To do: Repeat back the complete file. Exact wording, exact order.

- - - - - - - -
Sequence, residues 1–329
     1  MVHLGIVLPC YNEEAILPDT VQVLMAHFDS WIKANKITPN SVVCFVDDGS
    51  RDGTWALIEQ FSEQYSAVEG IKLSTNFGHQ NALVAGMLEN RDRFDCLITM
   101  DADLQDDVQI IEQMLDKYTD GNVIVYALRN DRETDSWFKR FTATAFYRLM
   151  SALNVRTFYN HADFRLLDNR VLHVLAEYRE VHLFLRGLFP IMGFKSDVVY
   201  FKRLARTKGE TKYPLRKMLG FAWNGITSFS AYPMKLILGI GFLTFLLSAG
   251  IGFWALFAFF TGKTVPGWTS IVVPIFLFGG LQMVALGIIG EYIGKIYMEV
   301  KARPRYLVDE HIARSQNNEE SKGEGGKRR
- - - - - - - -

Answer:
Sequence, residues 1–329
     1  MVHLGIVLPC YNEEAILPDT VQVLMAHFDS WIKANKITPN SVVCFVDDGS
    51  RDGTWALIEQ FSEQYSAVEG IKLSTNFGHQ NALVAGMLEN RDRFDCLITM
   101  DADLQDDVQI IEQMLDKYTD GNVIVYALRN DRETDSWFKR FTATAFYRLM
   151  SALNVRTFYN HADFRLLDNR VLHVLAEYRE VHLFLRGLFP IMGFKSDVVY
   201  FKRLARTKGE TKYPLRKMLG FAWNGITSFS AYPMKLILGI GFLTFLLSAG
   251  IGFWALFAFF TGKTVPGWTS IVVPIFLFGG LQMVALGIIG EYIGKIYMEV
   301  KARPRYLVDE HIARSQNNEE SKGEGGKRR